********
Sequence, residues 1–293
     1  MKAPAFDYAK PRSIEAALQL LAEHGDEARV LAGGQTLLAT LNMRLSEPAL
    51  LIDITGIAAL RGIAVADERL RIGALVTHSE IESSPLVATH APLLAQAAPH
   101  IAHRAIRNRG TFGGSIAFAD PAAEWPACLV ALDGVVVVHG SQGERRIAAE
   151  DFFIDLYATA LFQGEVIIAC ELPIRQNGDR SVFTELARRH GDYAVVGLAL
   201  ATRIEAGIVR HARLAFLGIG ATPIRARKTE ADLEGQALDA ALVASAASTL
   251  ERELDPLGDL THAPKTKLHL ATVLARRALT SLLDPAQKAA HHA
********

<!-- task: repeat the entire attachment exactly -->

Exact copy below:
Sequence, residues 1–293
     1  MKAPAFDYAK PRSIEAALQL LAEHGDEARV LAGGQTLLAT LNMRLSEPAL
    51  LIDITGIAAL RGIAVADERL RIGALVTHSE IESSPLVATH APLLAQAAPH
   101  IAHRAIRNRG TFGGSIAFAD PAAEWPACLV ALDGVVVVHG SQGERRIAAE
   151  DFFIDLYATA LFQGEVIIAC ELPIRQNGDR SVFTELARRH GDYAVVGLAL
   201  ATRIEAGIVR HARLAFLGIG ATPIRARKTE ADLEGQALDA ALVASAASTL
   251  ERELDPLGDL THAPKTKLHL ATVLARRALT SLLDPAQKAA HHA